NARAL's Keenan had this to say: "Samuel Alito's writings reflect a visceral opposition to Roe v. Wade. It is clear that his legal philosophy calls for a calculated strategy to dismantle fundamental constitutional protections for women, including the health exception issue that the Supreme Court is considering right now." Keenan also states that, "Alito's memo is a litany of legal strategies designed to undermine women's reproductive health. He even confuses birth control with abortion and advocates additional restrictions on women's access to contraception."
Her contraception remarks are probably about the portion of the memo below.
"What, for example, is the objection to informing a woman that certain methods of birth control are "abortifacients," i.e., that they do not prevent fertilization but terminate the development of the fetus after conception? Why cannot the State of Illinois require that this information be provided to patients, in the doctor's own words, so that women for whom the difference is morally significant can make an informal choice? Would a court hesitate for a moment before upholding government's authority to require that patients be informed about the operation of any other drug or medical device?"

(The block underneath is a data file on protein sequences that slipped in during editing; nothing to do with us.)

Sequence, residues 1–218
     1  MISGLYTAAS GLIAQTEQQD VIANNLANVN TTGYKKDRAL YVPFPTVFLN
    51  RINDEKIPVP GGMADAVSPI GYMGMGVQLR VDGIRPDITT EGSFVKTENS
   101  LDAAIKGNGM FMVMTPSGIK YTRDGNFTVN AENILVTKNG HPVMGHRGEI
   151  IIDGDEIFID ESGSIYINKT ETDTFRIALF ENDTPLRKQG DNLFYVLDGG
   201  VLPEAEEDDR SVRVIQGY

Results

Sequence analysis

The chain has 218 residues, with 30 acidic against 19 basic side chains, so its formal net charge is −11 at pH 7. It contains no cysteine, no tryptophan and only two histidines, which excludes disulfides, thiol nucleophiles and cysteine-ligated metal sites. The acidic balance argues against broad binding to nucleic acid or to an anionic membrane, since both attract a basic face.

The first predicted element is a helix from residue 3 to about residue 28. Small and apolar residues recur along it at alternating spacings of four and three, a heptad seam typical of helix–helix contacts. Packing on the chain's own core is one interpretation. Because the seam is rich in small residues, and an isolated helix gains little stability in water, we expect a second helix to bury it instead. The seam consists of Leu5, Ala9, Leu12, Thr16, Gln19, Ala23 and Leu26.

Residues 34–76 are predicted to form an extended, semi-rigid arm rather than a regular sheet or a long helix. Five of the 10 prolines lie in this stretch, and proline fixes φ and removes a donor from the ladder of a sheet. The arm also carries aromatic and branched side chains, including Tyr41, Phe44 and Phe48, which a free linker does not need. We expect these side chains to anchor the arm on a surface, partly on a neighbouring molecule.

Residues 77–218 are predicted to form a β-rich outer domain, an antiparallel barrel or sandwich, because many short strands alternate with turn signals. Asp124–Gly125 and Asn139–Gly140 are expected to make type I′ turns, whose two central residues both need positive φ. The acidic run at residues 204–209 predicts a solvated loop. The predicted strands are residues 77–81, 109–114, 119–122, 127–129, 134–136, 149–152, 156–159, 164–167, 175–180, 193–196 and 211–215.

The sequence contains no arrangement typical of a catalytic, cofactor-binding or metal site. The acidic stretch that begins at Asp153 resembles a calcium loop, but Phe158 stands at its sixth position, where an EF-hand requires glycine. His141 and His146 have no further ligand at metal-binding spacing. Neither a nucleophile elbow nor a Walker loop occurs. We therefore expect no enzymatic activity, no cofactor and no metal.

So Alito confuses abortion with contraception because he recognizes that some methods of birth control impede implantation instead of preventing conception? An additional restriction is telling women that their birth control method might prevent implantation?
The memo crushes a number of absurd pro-choice arguments against prolife legislation. Alito notes, "If abortion is a woman's choice, as the Court has held, then surely the choice should be informed."
"Furthermore, many physicians, including those operating high-volume abortion clinics, have a financial interest in encouraging women to have abortions. Must the state entrust to them the sole responsibility to provide a woman with the relevant information bearing on her choice?"